A presidential panel in South Africa has proposed expropriation of land without compensation, but in limited circumstances.
Land held purely for speculative purposes or occupied by tenants should be given away, it advises.
White people, who make up just 9% of the population, own 72% of the farmland that is held by individuals.
President Cyril Ramaphosa backs land expropriation, which is popular with the black majority.
The governing African National Congress (ANC) has repeatedly pledged to accelerate land transfers to the black majority since taking office in 1994, after white-minority rule ended, but progress has been slow.
Those opposed to land expropriation point to Zimbabwe where a similar policy by former President Robert Mugabe wrecked the economy and scared away investors.
President Ramaphosa set up the team of experts last year as the ANC was coming under pressure from opposition parties, especially from the Economic Freedom Fighters (EFF).
The panel proposed that the government expropriate
- land held purely for speculative purposes
- land already occupied and used by tenants and former tenants
- land that has been abandoned
- inner city buildings with absentee landlords.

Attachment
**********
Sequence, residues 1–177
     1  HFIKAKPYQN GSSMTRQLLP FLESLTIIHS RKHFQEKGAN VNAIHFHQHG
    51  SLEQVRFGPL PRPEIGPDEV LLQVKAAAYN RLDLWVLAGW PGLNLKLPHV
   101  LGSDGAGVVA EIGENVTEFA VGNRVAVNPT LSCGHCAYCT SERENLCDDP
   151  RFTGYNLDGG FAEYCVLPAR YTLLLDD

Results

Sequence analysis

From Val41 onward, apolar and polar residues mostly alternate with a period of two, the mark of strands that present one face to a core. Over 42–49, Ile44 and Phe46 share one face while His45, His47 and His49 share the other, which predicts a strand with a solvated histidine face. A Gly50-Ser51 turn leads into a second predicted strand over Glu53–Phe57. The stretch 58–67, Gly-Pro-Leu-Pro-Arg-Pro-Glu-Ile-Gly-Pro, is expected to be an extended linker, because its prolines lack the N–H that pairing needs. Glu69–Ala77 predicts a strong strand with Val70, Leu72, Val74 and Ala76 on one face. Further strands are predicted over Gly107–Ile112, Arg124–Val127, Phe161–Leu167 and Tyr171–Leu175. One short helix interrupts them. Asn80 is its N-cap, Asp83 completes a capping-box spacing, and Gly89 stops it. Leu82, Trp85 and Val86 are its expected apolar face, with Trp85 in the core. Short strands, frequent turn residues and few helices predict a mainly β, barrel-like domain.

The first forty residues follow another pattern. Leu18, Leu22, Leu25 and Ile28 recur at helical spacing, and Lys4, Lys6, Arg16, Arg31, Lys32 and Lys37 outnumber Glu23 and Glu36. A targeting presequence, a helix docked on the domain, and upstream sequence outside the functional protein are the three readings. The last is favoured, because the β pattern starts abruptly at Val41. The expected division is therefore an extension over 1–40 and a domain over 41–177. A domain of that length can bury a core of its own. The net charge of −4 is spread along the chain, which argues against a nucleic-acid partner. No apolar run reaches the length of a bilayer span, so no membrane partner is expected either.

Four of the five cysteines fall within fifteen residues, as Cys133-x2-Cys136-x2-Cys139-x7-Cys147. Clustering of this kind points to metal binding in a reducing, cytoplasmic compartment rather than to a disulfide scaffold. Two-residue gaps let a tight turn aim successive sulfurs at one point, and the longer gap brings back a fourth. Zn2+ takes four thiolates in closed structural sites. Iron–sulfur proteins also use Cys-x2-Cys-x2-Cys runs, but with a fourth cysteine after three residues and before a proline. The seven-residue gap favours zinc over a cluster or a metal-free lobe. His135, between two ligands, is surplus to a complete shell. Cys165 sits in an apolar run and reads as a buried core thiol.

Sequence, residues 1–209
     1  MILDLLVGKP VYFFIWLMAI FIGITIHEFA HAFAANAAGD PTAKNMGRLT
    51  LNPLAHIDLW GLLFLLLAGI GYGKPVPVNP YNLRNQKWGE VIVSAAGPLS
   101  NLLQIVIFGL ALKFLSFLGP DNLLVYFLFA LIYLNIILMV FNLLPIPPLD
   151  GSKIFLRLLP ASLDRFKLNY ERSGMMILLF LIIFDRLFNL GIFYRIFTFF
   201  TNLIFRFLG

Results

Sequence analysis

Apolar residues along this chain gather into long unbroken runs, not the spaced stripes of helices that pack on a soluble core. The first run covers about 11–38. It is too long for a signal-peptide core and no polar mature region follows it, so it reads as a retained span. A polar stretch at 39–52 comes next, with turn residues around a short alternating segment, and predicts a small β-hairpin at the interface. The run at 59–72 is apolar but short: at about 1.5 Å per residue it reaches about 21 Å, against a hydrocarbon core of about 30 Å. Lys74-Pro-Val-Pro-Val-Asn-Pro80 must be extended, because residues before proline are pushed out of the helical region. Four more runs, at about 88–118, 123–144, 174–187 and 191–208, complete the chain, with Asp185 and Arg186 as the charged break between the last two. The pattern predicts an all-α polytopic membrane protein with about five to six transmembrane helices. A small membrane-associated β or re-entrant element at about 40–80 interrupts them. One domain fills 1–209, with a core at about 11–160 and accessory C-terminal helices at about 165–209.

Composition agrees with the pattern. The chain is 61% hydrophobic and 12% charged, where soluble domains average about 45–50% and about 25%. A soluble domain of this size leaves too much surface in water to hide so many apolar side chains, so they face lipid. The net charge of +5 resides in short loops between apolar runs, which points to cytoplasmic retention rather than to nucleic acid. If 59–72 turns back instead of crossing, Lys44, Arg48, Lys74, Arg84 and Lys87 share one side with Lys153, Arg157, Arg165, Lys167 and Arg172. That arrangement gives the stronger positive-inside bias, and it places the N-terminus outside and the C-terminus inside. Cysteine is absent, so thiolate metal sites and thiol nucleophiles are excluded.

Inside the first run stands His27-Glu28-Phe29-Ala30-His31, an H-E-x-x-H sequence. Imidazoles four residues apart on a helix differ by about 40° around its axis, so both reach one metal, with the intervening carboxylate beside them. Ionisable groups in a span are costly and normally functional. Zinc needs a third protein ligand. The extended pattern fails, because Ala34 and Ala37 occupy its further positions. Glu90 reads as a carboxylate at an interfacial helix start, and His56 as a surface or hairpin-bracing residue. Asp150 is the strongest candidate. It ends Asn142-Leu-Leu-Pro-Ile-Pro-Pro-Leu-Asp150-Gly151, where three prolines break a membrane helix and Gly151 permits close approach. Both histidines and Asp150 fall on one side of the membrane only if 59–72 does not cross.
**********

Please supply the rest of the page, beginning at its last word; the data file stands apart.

It said those who had bought property since the end of apartheid should be treated differently to those who had inherited land that was held under the apartheid system.
The main opposition Democratic Alliance party rejected the report's recommendations, saying land expropriation without compensation would "further batter our ailing economy".
Parliament is due to debate proposed changes to the land expropriation bill in October.
South Africa's land problem
- The Natives Land Act of 1913 restricted black people from buying or renting land in "white South Africa", leading to the forced removals of black people
- After the end of apartheid in 1994, the ANC government said it wanted to return 30% of this land to its previous owners by 2014
- It is estimated that 10% of commercial farmland has been redistributed.